Hole & Corner Selects: Maria Sigma

Hole & Corner Selects: Maria Sigma

Words Vilma Paasivaara

Photographs Pelle Crepin

In the Elements Issue, Maria Sigma speaks about her zero waste philosophy, her love for wool as a material and how her work connects back to the earth…

‘I would say the most fundamental element in my work is the zero-waste philosophy and the use of natural materials,’ says weaver and textile designer Maria Sigma, who creates pieces for interiors and fashion from her London home studio using un-dyed or naturally dyed organic fibres.

The overarching ethos in her work is sustainability. ‘I’m trying to create the minimum of waste yarns – no unnecessary cuts and minimum use of machinery, energy and water,’ Sigma explains. The concept of reducing waste runs through her entire practice – from design to making and packaging. What started as a part of a university project has now become an intrinsic part of her work – one that Sigma says she relishes. ‘It’s a kind of challenge for me. It puts more limitations on my work – and I enjoy that.’



Though she works with a range of natural fibres, Sigma claims her current favourite is British wool which is sustainably and locally sourced. ‘First of all, as a feeling – to touch – I really like it,’ she says. ‘And how it changes after manipulating, after I’ve woven the cloth.’ Sigma often likes to experiment with different washes that bring out an almost three-dimensional quality in her textiles. But it is the making and weaving process that she enjoys more than holding the end result in her hands. ‘Everything has to be preplanned – even the mistakes sometimes,’ she says. ‘Of course I enjoy the end result, but it’s nothing compared to the process.’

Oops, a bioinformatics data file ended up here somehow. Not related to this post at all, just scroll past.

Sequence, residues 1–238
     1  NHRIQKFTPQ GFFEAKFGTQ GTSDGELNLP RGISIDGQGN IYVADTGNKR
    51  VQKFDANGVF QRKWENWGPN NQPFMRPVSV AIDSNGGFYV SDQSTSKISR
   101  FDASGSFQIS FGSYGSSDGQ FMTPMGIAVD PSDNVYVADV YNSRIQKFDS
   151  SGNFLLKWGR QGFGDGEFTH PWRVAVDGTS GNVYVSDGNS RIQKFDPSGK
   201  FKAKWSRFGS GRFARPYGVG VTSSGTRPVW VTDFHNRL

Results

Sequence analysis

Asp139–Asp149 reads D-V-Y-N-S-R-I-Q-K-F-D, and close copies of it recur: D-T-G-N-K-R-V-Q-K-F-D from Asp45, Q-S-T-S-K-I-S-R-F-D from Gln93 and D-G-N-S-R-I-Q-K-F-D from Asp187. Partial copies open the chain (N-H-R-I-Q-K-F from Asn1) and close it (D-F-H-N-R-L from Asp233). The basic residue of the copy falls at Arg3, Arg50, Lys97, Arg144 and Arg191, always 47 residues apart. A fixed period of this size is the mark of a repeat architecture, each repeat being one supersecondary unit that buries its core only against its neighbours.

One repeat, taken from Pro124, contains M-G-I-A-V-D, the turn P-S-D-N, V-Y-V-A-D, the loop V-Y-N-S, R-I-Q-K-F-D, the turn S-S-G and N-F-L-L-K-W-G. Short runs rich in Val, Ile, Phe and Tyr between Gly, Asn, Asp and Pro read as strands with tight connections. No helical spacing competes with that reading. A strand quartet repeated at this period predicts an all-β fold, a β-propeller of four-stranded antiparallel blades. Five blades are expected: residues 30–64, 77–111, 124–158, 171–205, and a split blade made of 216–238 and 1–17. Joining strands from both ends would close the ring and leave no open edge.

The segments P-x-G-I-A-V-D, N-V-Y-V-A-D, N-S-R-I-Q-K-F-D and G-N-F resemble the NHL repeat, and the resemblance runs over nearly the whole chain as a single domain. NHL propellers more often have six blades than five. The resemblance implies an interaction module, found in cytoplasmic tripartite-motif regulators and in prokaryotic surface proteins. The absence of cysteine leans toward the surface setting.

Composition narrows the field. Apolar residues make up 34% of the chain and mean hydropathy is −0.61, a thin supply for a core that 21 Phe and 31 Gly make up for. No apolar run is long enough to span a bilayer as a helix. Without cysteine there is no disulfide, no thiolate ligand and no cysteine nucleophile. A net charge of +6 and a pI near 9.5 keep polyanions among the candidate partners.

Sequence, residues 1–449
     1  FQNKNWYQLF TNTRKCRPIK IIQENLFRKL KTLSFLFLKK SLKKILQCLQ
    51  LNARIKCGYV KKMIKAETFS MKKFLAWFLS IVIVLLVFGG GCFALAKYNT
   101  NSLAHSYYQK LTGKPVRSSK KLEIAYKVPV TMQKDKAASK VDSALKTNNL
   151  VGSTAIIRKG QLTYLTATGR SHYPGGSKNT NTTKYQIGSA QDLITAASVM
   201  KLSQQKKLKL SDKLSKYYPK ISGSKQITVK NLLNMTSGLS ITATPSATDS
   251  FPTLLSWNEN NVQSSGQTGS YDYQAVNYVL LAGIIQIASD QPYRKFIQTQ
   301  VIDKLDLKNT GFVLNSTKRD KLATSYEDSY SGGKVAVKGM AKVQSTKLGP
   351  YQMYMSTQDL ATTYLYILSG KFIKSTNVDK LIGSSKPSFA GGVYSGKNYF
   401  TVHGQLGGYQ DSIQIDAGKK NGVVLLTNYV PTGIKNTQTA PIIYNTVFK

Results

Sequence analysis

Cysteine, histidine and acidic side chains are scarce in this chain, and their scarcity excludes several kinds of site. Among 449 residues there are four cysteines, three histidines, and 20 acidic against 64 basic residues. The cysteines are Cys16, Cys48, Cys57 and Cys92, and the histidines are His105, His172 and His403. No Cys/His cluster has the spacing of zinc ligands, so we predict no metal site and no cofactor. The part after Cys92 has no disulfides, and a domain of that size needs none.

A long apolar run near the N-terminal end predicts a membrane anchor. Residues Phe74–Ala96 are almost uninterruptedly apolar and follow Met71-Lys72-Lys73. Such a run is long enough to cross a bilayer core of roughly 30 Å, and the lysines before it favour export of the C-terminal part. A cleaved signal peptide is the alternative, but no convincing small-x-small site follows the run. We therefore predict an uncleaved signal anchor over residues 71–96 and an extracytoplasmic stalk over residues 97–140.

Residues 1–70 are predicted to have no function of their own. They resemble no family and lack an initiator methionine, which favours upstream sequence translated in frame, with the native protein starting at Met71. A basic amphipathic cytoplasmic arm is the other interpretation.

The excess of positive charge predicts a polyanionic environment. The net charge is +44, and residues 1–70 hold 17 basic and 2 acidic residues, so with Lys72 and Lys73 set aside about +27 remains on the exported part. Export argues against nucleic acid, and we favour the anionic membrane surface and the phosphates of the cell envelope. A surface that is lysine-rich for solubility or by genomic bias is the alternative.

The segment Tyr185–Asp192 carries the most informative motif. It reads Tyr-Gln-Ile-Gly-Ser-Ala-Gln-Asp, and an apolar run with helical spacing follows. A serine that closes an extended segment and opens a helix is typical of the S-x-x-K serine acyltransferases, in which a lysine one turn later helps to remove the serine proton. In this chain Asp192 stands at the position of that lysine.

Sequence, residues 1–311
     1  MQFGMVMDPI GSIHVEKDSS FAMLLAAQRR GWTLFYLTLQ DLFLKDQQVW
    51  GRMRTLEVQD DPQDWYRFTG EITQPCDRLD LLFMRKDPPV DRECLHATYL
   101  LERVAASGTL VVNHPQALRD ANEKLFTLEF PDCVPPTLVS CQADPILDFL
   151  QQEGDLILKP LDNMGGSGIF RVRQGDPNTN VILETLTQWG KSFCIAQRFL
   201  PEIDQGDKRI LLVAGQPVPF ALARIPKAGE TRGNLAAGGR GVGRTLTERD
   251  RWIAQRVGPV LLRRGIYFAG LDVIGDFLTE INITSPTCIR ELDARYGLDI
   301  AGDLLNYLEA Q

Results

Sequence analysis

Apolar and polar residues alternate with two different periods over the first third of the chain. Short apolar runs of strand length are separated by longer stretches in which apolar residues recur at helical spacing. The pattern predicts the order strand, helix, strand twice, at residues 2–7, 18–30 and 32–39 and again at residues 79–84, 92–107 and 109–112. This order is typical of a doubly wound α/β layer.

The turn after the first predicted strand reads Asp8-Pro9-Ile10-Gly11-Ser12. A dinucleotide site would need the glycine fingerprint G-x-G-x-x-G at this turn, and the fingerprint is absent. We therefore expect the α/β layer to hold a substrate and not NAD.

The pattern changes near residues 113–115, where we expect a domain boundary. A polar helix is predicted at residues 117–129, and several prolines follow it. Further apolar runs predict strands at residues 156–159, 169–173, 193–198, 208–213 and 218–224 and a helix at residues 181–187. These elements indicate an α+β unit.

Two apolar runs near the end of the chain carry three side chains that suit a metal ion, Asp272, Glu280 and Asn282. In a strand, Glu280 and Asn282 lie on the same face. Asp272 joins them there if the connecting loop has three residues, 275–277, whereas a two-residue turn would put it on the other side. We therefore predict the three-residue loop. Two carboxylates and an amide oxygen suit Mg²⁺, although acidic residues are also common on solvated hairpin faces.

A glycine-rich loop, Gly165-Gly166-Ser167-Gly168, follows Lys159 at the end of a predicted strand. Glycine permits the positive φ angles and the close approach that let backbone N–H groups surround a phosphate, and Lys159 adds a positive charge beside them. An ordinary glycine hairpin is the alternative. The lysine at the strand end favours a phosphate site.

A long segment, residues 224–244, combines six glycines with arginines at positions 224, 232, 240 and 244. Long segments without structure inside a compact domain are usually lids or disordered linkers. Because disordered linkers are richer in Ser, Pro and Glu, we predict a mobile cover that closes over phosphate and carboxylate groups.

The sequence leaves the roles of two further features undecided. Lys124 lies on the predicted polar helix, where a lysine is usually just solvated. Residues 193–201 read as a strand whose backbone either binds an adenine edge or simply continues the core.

Though the names of her designs often reveal maritime references, Sigma says that she thinks of earth as the most fundamental aspect of her work. ‘It just comes to me naturally,’ she says. ‘My fibres are either animal or plant-based, so it’s more connected to the earth than any other element. But I think for me the four elements mean a kind of balance: you need all the elements in order to acquire a balance in your life – or in your work.’



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